UN concerned about inter-communal violence in South Sudan Food distribution in Dome town, South Sudan, where river barges are used by the World Food Programme to cut the cost of delivering food. Photo by: WFP / Gabriela Vivacqua Food distribution in Dome town, South Sudan, where river barges are used by the World Food Programme to cut the cost of delivering food. Photo by: WFP / Gabriela VivacquaThe World Food Programme(WFP) and Food Agriculture Organization (FAO) on Thursday warned that 60,000 in South Sudan were staring at hunger due to recent inter-communal violence that has rocked Jonglei and Pibor regions.A joint statement issued by the UN agencies in Juba said they were concerned that the violence has halted farming, which will slash harvests for the rest of the year and deprive communities of their key sources of nutrition.“Recurring violence in Jonglei and the Greater Pibor Administrative Area in the eastern part of South Sudan has already displaced more than 60,000 people and is crippling the food security and livelihoods of growing numbers of people,” said the UN agencies.The violence between Dinka and Murle communities that escalated late last year, has claimed hundreds of lives and has often involved cattle raiding, child abduction and looting.“At the height of the main planting season, insecurity is preventing farmers from going to their fields to cultivate food crops and livestock keepers are not able to follow their traditional migratory patterns to graze their animals,” said Meshack Malo, FAO representative in South Sudan.“When cattle raiding is part of the violence, communities lose animals essential to their livelihoods and cannot participate in productive agricultural activities, leading to greater food insecurity,” he added.More than 430 metric tons of WFP food supplies have been lost due to the looting of warehouses in the regions affected by inter-tribal skirmishes.“We simply cannot replace the calories milk given to children when livestock is taken and a year’s worth of milk is lost, and we barely have sufficient resources to meet current needs,” said Matthew Hollingsworth, WFP country director in South Sudan.He said the violence risks causing long-term food insecurity crises in South Sudan.According to an Integrated Food Security Phase Classification report, the Pibor Administrative Area now faces emergency levels of food insecurity.The report said that earlier this year, three Jonglei counties had people who were classified in a “catastrophe” level of food insecurity.“Their food security was only expected to improve if consistent humanitarian food assistance could be provided. But this has proved impossible because of the fighting in the area,” said the report.It said that violence in eastern South Sudan is adding to the number of hungry people just when the country is currently in its annual lean season, with at least 6.5 million people or more than half of the country’s population already facing severe acute food insecurity and in need of humanitarian assistance.Related UN Security Council urges end to South Sudan violence UN alarmed by escalating ethnic violence in South Sudan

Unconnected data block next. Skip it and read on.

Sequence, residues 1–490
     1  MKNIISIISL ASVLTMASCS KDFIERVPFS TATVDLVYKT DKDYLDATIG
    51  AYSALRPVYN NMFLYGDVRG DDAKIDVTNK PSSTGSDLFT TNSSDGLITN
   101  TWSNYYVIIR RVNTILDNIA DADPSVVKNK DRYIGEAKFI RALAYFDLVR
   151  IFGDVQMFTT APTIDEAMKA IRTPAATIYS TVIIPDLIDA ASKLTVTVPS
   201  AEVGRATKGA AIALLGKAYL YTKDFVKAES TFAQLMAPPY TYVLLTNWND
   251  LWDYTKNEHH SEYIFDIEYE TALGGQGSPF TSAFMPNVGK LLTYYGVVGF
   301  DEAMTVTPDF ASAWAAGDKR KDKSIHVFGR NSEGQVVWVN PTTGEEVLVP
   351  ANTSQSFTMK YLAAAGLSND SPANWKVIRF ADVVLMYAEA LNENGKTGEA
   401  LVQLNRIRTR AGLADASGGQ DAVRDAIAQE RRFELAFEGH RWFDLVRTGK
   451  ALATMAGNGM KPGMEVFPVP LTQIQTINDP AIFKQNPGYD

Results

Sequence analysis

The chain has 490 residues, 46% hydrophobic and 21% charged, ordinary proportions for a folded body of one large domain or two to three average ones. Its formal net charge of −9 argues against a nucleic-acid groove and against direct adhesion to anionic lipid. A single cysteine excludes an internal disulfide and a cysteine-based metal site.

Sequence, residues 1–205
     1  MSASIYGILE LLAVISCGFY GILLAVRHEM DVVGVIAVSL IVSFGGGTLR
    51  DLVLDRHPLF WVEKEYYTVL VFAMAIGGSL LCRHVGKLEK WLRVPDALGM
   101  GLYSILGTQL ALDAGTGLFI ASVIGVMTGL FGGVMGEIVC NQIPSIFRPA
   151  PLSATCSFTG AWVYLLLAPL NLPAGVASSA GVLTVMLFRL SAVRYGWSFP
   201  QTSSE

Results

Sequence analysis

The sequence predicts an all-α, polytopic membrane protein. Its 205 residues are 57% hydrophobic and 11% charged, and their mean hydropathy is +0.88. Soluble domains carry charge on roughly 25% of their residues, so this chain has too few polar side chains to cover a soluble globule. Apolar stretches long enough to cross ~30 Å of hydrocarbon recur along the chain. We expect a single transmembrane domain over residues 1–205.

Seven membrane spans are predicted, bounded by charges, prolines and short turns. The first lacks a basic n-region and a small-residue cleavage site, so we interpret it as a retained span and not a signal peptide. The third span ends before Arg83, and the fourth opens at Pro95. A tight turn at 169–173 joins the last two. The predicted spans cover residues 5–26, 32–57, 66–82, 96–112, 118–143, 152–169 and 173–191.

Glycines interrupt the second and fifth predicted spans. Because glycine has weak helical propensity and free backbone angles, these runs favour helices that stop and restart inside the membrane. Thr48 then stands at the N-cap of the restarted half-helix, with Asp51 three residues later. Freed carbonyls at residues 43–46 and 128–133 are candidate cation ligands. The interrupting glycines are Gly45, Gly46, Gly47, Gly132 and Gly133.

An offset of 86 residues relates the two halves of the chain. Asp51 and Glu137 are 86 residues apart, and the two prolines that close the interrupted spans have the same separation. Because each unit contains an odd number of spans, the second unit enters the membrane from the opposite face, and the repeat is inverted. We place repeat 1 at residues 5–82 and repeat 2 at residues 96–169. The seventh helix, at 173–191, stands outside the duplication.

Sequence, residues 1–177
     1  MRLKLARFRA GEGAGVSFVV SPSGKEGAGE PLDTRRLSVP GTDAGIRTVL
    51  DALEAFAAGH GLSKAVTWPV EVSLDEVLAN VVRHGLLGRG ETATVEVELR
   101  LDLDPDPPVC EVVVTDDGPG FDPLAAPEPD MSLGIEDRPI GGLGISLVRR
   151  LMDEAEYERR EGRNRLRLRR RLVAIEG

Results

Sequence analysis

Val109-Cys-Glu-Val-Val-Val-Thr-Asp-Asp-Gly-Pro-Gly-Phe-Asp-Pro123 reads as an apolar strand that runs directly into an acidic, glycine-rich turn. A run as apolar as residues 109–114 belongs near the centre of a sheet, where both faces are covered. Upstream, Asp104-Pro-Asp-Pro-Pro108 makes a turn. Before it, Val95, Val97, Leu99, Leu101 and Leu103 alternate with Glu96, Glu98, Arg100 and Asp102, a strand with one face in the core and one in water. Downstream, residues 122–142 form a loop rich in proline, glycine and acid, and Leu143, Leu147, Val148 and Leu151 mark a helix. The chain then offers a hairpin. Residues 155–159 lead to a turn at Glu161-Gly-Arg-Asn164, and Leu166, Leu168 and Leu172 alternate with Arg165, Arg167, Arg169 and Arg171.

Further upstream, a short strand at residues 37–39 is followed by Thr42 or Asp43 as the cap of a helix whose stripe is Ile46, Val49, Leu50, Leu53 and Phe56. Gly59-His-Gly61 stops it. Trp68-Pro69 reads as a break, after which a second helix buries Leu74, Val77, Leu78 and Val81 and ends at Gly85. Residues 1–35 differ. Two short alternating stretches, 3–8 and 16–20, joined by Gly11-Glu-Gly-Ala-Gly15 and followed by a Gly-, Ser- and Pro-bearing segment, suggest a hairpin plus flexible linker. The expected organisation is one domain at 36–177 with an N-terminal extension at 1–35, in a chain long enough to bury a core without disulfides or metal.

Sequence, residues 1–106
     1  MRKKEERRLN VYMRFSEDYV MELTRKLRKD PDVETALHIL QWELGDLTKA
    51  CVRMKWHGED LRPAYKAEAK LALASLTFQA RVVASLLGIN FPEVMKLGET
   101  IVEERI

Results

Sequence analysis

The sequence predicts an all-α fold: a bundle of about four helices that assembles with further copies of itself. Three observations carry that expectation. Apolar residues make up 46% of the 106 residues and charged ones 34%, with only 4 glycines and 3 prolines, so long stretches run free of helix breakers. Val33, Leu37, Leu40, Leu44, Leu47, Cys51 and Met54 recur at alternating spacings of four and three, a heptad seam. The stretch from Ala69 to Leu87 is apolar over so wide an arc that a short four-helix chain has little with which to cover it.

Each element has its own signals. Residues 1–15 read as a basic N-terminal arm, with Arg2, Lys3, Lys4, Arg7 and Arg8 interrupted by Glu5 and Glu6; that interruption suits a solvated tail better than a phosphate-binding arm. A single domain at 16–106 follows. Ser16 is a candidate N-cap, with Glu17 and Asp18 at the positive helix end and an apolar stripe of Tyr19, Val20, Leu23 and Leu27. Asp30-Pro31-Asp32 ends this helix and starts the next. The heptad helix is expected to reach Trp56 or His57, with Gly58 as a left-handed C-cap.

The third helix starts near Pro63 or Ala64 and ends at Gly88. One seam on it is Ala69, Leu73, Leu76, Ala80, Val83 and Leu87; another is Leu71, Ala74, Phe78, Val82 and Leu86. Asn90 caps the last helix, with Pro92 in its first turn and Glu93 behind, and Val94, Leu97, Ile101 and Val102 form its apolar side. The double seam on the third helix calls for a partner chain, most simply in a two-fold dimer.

NewsRegional My Voice Counts by: – December 10, 2012 Share Share 11 Views no discussions Tweet Sharing is caring! Share LONDON, Dec 10, CMC – A new report by the London-based international human rights group, Amnesty International, says human rights defenders across the Americas, including the Caribbean, are facing “escalating levels of intimidation, harassment and attacks” at the hands of state security forces, paramilitary groups and organized crime.Amnesty International said 2012 has been a “good and a bad year for human rights”.In an overview of human rights trends and events around the world, during the past 12 months, it noted that, on January 30, Haiti dropped the case against former leader, Jean-Claude Duvalier, who was accused of torture, disappearances and extrajudicial executions between 1971 and 1986.On March 8, Amnesty International said 21 people were killed in Jamaica in what it described as “a wave of police shootings over six days, bringing the total to 45 since the beginning of the year”.The human rights group also noted that on March 27, the Cuban government’s “crackdown against dissidents” increased during the Pope’s visit.From December 7-16, the human rights group said hundreds of thousands of people will be writing letters, sending messages and taking action online as part of an “Amnesty International Day of Action” to mark International Human Rights Day.In a report titled “Transforming Pain into Hope: Human Rights Defenders in the Americas”, Amnesty International said it is based on around 300 cases of intimidation, harassment, attacks and killings of human rights defenders in more than a dozen countries primarily between January 2010 and September 2012.